First Steps toward a Model of Interactive Whiteboard Training for Language Teachers

First Steps toward a Model of Interactive Whiteboard Training for Language Teachers

Euline Cutrim Schmid (University of Education Heidelberg, Germany) and Estelle Schimmack (Anna-Lindh Primary School, Germany)
DOI: 10.4018/978-1-61520-715-2.ch013
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Abstract

This chapter presents findings of a research project that investigates a model of interactive whiteboard technology training that incorporates a) a “bottom up” approach to teacher professional development in Computer Assisted Language Learning, and b) a pedagogical framework based on a socio-cognitive view of communicative language teaching. The chapter reports on a study conducted with a group of nine English teachers at a secondary school in Germany. Research data were collected via classroom observations, video recordings of IWB training workshops and in depth interviews with the teachers. The research findings shed some light on a) the various competencies that may be required by language teachers who want to exploit the IWB towards a socio-cognitive view of communicative language teaching and b) some principles for the design and implementation of an IWB technology training which would best assist the teachers with achieving this outcome.
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Introduction

Research evidence suggests that the lack of high quality teacher training is a major factor impeding the integration of new technologies in education (Legutke et al., 2007; Hubbard & Levy, 2006). In spite of the growing interest in increasing the amount and quality of in-service technology training programmes, most of the programmes currently provided consist of a series of one-day workshops without appropriate follow-up at the school level. As a result, although teachers tend be become relatively well-informed about the newest approaches in computer assisted learning, they lack a deep understanding of how these new technologies can help them to fulfil their own pedagogical goals. There is thus a need for change in how professional development for technology integration is conducted.

In order to tackle this issue, several innovative approaches to in-service technology training have been proposed in the literature. Meskill et al. (2006), for instance, advocate the creation of learning communities through collaboration involving researchers, pre-service and in-service teachers, and Preston et al. (2000) propose the development of online communities of practice as a key means of supporting teaching and action research practices in technology-enhanced classrooms. Most researchers agree on one fact: the training programmes that are most promising are those that support individual teachers’ exploration of their current pedagogy, and helps identify how the new technologies can support, extend or transform their practice.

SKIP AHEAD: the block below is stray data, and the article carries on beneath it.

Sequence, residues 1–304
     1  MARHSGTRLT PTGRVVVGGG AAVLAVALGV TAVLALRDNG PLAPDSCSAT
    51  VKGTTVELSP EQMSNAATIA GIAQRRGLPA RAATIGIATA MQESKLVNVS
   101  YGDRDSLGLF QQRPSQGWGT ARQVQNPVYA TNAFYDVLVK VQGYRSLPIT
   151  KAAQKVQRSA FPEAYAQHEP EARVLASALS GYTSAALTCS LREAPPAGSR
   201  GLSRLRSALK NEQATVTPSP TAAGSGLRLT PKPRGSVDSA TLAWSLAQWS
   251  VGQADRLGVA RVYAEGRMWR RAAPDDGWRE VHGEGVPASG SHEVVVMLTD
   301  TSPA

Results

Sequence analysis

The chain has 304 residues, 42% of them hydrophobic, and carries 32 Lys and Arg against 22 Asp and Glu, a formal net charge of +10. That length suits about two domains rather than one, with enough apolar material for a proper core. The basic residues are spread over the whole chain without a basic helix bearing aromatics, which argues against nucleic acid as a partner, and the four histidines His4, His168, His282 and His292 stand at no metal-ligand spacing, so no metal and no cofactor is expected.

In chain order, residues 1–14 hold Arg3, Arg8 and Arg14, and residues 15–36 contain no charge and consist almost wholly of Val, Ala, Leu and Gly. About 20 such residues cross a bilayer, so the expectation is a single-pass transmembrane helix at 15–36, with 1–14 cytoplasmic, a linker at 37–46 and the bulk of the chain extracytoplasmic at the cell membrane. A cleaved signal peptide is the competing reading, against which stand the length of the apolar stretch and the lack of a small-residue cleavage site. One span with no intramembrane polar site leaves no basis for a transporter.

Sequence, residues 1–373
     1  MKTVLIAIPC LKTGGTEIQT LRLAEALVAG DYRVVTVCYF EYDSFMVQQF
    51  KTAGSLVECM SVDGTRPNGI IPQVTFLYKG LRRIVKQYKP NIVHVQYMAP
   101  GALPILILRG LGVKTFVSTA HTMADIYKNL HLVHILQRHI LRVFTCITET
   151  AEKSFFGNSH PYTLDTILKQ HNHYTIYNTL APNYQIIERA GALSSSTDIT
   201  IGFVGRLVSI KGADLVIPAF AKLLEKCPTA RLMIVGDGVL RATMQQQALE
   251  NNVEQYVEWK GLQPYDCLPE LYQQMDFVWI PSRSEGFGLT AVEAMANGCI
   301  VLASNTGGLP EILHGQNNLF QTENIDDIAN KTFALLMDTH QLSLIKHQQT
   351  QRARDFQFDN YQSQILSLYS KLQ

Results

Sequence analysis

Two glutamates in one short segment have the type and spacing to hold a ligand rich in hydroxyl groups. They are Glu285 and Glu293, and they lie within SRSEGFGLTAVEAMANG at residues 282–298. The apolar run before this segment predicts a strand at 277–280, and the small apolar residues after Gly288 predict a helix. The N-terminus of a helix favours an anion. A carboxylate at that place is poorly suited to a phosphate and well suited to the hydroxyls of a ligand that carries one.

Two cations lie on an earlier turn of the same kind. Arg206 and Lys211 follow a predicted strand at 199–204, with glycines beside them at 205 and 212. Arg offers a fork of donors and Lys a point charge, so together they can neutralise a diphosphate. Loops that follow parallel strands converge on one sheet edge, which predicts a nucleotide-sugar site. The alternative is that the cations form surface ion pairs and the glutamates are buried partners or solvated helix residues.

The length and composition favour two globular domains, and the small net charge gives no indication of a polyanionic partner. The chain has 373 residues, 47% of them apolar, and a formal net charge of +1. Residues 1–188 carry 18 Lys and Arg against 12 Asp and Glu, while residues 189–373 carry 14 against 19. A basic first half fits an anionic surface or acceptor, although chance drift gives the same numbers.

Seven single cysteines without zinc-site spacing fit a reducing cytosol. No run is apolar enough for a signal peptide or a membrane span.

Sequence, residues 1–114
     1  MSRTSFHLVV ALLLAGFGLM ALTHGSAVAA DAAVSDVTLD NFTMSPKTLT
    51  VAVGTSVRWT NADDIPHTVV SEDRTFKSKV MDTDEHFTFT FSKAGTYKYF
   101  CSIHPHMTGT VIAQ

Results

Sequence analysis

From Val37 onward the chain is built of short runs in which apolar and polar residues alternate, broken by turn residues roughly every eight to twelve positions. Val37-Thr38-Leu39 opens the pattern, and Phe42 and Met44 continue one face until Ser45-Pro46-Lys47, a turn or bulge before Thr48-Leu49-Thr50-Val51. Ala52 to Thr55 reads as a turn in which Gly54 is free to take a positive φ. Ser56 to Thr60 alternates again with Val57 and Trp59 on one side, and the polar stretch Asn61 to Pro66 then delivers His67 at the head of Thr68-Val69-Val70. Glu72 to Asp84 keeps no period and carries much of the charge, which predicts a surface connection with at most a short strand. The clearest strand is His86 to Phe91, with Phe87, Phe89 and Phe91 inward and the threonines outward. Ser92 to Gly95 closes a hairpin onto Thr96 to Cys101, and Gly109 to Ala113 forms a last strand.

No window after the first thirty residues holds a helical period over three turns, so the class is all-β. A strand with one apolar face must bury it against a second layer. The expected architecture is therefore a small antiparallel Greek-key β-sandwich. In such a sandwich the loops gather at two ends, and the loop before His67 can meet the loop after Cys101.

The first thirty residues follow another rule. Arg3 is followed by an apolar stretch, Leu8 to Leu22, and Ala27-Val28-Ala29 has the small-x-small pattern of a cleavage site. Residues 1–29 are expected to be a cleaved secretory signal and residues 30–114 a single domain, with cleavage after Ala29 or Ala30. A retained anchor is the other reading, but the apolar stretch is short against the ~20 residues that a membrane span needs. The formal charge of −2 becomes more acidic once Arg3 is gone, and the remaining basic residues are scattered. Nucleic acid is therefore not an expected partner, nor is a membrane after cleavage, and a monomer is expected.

This chapter presents research findings of a study that investigates a model of interactive whiteboard technology training that incorporates a) a “bottom up” approach to teacher professional development in CALL, and b) a pedagogical framework based on a socio-cognitive view of communicative language teaching. The project (2008-2011) encompasses seven in-depth longitudinal case studies with English teachers at different levels of technology expertise and teaching experience. Research data are being collected via a variety of ethnographic research instruments, namely classroom observations and field notes, video recordings of school lessons, in-depth interviews and video-triggered reflective dialogues with the teachers. In order to address the purposes of such a study, two research questions were formulated:

  • 1.

    What are the competencies that English teachers need to acquire in order to use the IWB to develop their practice towards a socio-cognitive view of communicative language teaching?

  • 2.

    What kind of technical and pedagogical support is mostly needed by them in this process?

This paper discusses findings of a study conducted with a group of nine English teachers at a secondary school in Germany. Three researchers took part in the data gathering, coding and analysis: one university lecturer and two pre-service teachers. In the first stage of the study, we investigated how the teachers in that specific school were using the technology in their English lessons through interviews and classroom observations. In the second stage, we designed and implemented technology training workshops for the English teachers involved in the project. These workshops, which were informed by local pedagogical practice, were designed in response to the specific needs identified in the first stage of the study and offered guidance on how to exploit the potential of IWB technology for English language teaching. This paper presents an in-depth analysis of the process of IWB integration in that context.

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